MUMBAI: Employees at Indian telcos, now grabbing headlines for rising competition and falling profits, may find some cheer next year with compensation expert Aon Hewitt estimating better 2018 increments than this year’s record low increases. On an average, employees at mobile phone operators would get a pay-raise of 8.4%, compared with 7.5% in 2017, the driver being talent retention in a financially troubled industry.
Aon Hewitt also said top performers would get 1.8 times the average raise. “Among the mobile-service providers, while some have done well on parameters such as revenue market share, others are projecting increases on account of the talent flux they are internally facing because of integration,” said Anandorup Ghose, partner at Aon Hewitt India.
The data was part of the company’s India Salary Increase Survey (Phase 1). Also, telecom talent is more mobile in that it can move across different industries. So, compensation growth must factor in the industries to which talent may move, added Ghose. Airtel, Idea Cellular, Vodafone India, and Reliance Jio Infocomm did not respond to ET’s e-mails on the 2018 compensation outlook.
HR experts say high performers would typically belong to teams that look into new-age digital businesses — mobile banking, health and education; data marketing, analysis of customer strategy and market segmentation. Indian service-providers have had a rough year warring on price points, and competition has hurt revenue and profitability, forcing rapid consolidation. Vodafone India and Idea Cellular, the second and third on the leader-board, are awaiting clearances for their merger.
In the past one year, right-sizing has shrunk the employee base in the sector where staff costs make up less than 5% of revenue. The anticipated raise in 2018 is in line with Hewitt’s projections for India Inc, which after an eightyear low of 2017 may raise wages 9.6% on an average. In 2017, the average increase was 9.4%. The telecom industry had seen raises of even 17% a decade ago. “After (merger) approvals, telecom operators could roll out a 10-13% raise for employees to retain them instead of an average of 8-9% that was paid across hierarchy,” said A Ramachandran, partner at search firm of EMA Partners.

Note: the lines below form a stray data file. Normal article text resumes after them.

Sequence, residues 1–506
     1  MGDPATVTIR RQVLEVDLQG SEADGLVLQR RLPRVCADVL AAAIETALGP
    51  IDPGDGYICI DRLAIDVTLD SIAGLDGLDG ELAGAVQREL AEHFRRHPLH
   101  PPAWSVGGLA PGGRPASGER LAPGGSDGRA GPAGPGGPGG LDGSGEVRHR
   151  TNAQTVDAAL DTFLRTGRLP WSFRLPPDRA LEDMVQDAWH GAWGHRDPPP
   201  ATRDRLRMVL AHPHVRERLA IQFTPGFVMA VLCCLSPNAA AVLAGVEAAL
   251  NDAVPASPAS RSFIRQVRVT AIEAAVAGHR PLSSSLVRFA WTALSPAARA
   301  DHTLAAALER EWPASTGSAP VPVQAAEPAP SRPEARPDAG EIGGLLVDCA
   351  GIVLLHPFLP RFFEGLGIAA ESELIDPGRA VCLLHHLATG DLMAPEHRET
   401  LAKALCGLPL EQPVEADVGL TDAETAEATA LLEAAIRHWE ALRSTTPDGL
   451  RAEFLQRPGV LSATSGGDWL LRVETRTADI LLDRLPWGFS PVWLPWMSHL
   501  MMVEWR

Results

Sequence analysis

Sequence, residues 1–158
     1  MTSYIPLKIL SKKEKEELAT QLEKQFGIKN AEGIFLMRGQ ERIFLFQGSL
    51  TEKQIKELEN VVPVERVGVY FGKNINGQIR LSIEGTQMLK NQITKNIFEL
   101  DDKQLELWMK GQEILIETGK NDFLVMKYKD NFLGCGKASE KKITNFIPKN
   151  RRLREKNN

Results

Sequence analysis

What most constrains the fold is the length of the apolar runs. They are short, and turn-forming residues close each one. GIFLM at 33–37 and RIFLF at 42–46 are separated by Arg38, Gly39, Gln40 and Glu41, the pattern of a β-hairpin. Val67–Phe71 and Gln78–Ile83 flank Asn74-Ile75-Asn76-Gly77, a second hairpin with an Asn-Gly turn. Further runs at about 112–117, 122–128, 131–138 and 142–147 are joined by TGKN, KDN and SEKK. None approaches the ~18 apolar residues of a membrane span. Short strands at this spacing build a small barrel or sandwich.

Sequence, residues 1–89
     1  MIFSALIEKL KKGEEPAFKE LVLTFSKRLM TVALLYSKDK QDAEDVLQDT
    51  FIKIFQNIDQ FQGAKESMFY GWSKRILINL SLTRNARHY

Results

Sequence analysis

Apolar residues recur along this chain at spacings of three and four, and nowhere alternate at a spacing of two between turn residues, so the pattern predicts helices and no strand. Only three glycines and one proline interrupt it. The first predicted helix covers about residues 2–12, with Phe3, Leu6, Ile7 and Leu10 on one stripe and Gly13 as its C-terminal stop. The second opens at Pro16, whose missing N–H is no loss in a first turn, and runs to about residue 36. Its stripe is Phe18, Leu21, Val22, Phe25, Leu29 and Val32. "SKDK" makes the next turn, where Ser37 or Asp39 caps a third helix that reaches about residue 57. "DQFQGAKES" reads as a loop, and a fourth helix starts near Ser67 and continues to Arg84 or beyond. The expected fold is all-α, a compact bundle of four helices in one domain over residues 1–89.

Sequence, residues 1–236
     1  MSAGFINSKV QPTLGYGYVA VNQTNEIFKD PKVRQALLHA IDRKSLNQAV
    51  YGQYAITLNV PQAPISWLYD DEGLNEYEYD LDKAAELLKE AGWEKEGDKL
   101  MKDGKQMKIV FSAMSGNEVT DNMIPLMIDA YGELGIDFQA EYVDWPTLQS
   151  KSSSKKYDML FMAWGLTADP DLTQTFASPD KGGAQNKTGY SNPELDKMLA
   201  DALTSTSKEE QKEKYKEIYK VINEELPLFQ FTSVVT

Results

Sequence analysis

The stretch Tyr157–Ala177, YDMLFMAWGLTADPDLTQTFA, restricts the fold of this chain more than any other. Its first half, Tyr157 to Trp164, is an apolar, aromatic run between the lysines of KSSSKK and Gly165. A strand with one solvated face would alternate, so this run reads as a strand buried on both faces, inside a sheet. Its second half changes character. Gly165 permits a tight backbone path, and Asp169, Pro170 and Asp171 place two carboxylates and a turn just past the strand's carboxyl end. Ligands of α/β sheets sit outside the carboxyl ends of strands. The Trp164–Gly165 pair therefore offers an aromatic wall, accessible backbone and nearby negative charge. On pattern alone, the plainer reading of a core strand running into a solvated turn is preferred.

Ramachandran added that 2018 may see retention bonuses for the management and key talent that are needed to chart out the structure of merged entities. Bharat Bhargava, partner, telecom advisory services at EY, said profiles would determine compensation.
“Increments will depend on the kind of profile. The consolidation process is still on for companies, and they will want to keep their top management and top people close to them. Those in niche businesses may be affected by the fact that their skill sets are suited to the sector which, on the whole, is not growing,” said Bhargava.
Therefore, those with skill sets developed for only telecom may be in a tough spot since their demand in the job market would be limited. “There is consolidation. While it is driving organisations to trim the workforce, a lot of the people are leaving voluntarily. These are healthy increments that are being projected, especially for talent one wants to hold on to,” said Vikram Chhachhi, principal, global consumer markets, Heidrick & Struggles.
However, not all HR experts are optimistic. Kris Lakshmikanth, chairman of search firm Headhunters India, said the proposed alliances have not yet become operational, and that increases may be very low, with companies continuing cost-reduction initiatives.